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Thread: Need some explanation

  1. #1
    Join Date
    Dec 2009
    Johannesburg, South Africa

    Need some explanation

    When one is told that the best recovery normally happens in the first 12 to 18 months, do they mean that what has returned can get stronger with exercise but what has not returned won’t return?

  2. #2
    This means that most of the naturally occurring recovery is seen in the first 18-24 months, but many people will continue to see small improvements even after that. Christopher Reeve is an example...he got some return as long as 10 years post injury.

    Any return that does occur can be maximized as far as function by continuing exercise and therapy, but exercise in and of itself probably does little to make recovery occur.


  3. #3
    Let me add a caveat.

    In my experience, if a person does not try use the paralyzed parts of the body and does not exercise after injury, motor recovery is often suppressed and does not occur as much or as fast. There is strong evidence that both muscle and nervous system undergo atrophy if those parts of the body are not used. Repetitive exercise can reverse the atrophy and restore function.

    The question is how much and what kind exercise should people get for how long. These is simply not enough data to provide a credible answer. In the Chengdu Army General Hospital in Kunming, they encourage the patients to do intensive locomotor exercises, doing overground walking up to 6 hours a day and 6 days a week, often for 6 months. I have seen people regain substantial motor function from such training but not everybody recovers. I think that if the more a person is "incomplete", the greater the likelihood that intensive locomotor training will restore locomotor function.

    There are some centers that focus on other parts of the body. For example, when I was in Firenze, I visited the Sanitario Centro Giusti, headed by Doctor Carlo Alberto Arcangeli. This Center has a very intensive rehabilitation program that focuses on all the different muscle groups affected by the spinal cord injury. They do one-on-one rehabilitation with muscle strengthening routines for shoulder, arms, hand, thoracic postural, hip, legs, and other muscles. I was really quite impressed by how thorough their training program is. They do 6 hours a day 5 days a week. Of course, I don't know how effective their program is but the patients seem to be very happy and satisfied.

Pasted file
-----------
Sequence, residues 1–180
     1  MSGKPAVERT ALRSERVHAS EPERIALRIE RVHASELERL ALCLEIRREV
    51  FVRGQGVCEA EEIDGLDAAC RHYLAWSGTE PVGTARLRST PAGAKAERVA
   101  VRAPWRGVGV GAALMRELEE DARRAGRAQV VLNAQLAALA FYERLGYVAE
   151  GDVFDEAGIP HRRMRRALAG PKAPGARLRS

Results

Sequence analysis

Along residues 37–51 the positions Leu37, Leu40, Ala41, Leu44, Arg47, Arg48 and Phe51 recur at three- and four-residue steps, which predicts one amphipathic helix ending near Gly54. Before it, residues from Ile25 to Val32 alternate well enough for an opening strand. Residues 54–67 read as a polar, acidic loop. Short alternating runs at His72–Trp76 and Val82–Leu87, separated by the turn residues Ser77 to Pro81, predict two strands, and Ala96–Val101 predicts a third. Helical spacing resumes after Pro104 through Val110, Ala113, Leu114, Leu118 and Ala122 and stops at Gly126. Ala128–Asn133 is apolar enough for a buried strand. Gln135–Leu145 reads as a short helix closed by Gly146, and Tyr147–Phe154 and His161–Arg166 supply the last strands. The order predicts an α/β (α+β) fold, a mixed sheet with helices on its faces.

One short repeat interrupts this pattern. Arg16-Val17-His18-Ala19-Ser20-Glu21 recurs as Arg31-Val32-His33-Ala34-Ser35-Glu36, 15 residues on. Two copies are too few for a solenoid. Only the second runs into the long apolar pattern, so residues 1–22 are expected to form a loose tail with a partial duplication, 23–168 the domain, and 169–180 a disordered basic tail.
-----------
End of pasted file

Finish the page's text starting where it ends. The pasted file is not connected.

These types of therapies are obviously labor-intensive and require specialized knowledge and experience. The medical model is too expensive and many non-medical training centers have cropped up all over the United States. Project Walk in San Diego is one such program. There are other programs in the Chicago, New Jersey, and other places that offer training. Many of these places arose because of families who want such training for their sons and daughters but were unable to get it close to home. So, they set up these facilities that are available to others in the community.